On the dark web, the takedown of yet another cryptocurrency-based black market for drugs has become almost a semiannual routine, with plenty of competitors ready to fill the shoes of any market law enforcement manages to bust. But the seizure of the Russian-language dark-web site Hydra may have ripple effects that go further than most: It represents a disruption of not just the post-Soviet world’s biggest hub of online narcotics sales, but also of a cybercriminal money-laundering and cash-out service that had been used in crimes with victims across the globe.
German law enforcement agencies announced early Tuesday morning that German federal police known as the BKA—in a joint operation with the FBI, DEA, IRS Criminal Investigations, and Homeland Security Investigations in the US—seized Hydra’s Germany-based servers, shutting down the site and confiscating $25 million in bitcoins stored there. In doing so, they’ve put an end to, by some measures, the longest-running and most crowded black market in the history of the dark web, with 19,000 seller accounts and more than 17 million customer accounts, according to BKA. The US treasury simultaneously imposed new sanctions on the market and more than a hundred of its cryptocurrency addresses.
In total, Hydra facilitated more than $5 billion dollars in illicit cryptocurrency transactions since it launched in 2015, according to blockchain analysis firm Elliptic. The majority of those transactions, Elliptic says, were sales of illegal drugs, which were strictly limited to Hydra’s target market of former Soviet states. But Hydra also played a significant and more global role for cybercriminals: It offered “mixing” services designed to launder crypto and make it more difficult to trace, alongside exchange services that allowed clients to trade in the crypto proceeds from all manner of crime for Russian rubles—in some cases, even for cash bundles buried in the ground for customers to dig up later.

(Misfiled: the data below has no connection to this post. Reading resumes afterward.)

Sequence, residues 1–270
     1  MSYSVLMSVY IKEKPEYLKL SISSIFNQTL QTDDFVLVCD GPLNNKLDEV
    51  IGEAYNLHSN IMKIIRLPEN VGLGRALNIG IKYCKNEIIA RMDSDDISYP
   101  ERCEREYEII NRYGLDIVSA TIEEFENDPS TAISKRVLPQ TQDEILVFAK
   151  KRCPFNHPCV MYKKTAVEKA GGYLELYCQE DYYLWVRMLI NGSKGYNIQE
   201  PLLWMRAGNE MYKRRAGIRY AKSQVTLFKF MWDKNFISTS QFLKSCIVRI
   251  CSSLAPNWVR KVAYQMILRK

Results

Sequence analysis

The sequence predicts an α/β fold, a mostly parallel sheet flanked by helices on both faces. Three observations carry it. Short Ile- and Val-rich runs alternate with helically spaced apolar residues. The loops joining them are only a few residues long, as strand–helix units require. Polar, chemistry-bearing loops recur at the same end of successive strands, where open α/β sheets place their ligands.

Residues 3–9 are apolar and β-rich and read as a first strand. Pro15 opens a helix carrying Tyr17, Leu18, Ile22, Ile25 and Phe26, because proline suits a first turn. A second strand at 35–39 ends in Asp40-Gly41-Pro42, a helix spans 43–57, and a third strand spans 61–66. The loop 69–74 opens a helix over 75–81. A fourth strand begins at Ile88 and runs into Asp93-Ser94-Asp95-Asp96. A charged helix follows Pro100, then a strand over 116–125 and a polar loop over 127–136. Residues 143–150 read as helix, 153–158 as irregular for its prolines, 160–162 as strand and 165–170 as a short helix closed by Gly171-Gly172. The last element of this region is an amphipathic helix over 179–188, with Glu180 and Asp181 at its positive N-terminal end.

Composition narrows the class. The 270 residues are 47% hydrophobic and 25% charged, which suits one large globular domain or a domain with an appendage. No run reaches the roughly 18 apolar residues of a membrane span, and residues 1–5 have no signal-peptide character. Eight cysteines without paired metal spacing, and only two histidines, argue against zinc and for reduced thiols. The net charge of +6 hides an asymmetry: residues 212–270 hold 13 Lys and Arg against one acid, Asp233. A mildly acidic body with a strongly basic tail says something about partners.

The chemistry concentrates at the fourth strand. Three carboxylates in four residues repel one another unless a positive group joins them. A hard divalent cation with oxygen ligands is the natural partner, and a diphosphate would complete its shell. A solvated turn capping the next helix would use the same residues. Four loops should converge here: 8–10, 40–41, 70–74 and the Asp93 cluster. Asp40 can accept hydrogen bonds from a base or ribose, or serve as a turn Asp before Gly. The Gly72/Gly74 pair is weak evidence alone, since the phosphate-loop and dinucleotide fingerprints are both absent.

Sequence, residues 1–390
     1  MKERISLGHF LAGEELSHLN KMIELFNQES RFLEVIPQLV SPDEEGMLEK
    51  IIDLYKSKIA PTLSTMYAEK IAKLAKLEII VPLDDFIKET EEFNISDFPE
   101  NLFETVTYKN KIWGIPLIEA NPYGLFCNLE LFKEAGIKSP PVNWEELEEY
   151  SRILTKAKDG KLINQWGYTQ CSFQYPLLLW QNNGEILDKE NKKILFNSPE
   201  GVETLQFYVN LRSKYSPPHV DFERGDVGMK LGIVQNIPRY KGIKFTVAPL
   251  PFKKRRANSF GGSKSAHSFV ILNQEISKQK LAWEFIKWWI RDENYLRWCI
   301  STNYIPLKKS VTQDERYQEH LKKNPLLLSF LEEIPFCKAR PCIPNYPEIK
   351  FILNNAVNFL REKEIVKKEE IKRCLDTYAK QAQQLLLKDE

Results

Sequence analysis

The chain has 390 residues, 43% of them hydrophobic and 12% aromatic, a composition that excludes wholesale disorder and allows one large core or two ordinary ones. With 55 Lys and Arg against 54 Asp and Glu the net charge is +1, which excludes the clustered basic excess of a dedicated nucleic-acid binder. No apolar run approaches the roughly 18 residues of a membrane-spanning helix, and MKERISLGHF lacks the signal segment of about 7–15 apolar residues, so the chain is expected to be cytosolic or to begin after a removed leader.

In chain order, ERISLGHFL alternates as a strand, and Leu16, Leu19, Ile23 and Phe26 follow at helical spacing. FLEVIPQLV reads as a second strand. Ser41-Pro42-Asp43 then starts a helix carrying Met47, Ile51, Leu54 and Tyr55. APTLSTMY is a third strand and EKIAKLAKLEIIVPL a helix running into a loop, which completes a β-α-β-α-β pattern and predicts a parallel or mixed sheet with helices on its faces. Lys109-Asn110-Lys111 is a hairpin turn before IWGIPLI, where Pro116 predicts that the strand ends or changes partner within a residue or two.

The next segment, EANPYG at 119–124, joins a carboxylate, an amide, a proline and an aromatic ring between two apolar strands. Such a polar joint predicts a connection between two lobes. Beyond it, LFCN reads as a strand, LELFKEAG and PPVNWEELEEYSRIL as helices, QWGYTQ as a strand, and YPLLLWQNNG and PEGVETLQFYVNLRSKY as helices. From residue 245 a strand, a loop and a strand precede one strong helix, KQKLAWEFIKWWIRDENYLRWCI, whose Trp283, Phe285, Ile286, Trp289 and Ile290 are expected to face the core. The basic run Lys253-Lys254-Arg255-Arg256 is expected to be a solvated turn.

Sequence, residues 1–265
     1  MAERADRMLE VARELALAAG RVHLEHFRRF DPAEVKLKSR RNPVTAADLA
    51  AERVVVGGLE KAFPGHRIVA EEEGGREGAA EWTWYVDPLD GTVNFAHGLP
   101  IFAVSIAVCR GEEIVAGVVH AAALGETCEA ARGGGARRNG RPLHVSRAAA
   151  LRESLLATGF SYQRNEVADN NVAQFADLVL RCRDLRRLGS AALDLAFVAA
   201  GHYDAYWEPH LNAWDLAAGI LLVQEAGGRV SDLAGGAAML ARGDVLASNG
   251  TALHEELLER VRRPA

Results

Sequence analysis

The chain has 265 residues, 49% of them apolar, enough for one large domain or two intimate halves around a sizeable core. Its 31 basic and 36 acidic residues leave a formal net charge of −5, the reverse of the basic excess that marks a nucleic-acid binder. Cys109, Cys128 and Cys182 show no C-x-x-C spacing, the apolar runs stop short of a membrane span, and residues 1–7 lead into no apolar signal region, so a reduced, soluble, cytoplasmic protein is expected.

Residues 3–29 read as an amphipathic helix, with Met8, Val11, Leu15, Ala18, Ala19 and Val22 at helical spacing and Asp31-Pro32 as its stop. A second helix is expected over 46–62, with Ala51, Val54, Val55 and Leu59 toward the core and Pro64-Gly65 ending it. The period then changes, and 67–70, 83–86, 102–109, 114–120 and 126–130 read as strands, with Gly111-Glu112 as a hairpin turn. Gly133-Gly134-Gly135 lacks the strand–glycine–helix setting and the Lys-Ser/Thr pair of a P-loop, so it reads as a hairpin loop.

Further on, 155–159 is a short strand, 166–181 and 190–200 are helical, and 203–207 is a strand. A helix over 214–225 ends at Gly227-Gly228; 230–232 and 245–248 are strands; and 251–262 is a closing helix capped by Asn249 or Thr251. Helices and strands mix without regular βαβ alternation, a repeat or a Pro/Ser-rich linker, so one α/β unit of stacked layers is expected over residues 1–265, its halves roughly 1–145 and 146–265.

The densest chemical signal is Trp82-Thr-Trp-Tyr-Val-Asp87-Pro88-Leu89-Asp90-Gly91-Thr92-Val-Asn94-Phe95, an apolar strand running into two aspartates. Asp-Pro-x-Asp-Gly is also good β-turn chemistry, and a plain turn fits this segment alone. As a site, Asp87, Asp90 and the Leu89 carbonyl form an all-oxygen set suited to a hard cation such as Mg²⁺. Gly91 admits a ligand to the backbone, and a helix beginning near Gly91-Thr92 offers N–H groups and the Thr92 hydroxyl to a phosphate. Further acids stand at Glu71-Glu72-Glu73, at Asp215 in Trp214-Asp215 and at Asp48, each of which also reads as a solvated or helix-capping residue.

“It has this dual function of being a drugs market and a service for cybercriminals—and particularly Russian cybercriminals,” says Jess Symington, Elliptic’s research lead. “So it does impact more than just the drugs community, and it forces these individuals to now potentially reconsider how they’re going to launch their funds or cash out.”
Around half of the roughly $2 billion in transactions going into Hydra’s cryptocurrency addresses in 2021 and early 2022 were from illicit or “risky” sources, such as stolen funds, dark-web markets, ransomware, online gambling, scams, and individuals and organizations facing sanctions, according to cryptocurrency tracing firm Chainalysis. In other words, close to a billion dollars’ worth of the money entering Hydra over that time wasn’t clean money used to buy drugs or other contraband available for sale on the site, but rather dirty money that Hydra was helping to launder and exchange for rubles.
Chainalysis has so far tracked just over $200 million in stolen cryptocurrency going into the site’s coffers in 2021 and 2022. It has also tracked much smaller amounts linked to other crimes, with roughly $4 million from sanctioned sources, $5 million from fraud, and $4 million from ransomware. (Chainalysis saw close to $9 million in total ransomware payments funneled into Hydra over the market’s lifetime but says that relatively small number is a conservative estimate.) Another major chunk of the site’s incoming payments during that time, close to $310 million, were from dark-web markets—including some funds from Hydra recycled back into the site—as users sought to launder the proceeds from the sales of drugs and other illegal products and services and cash out.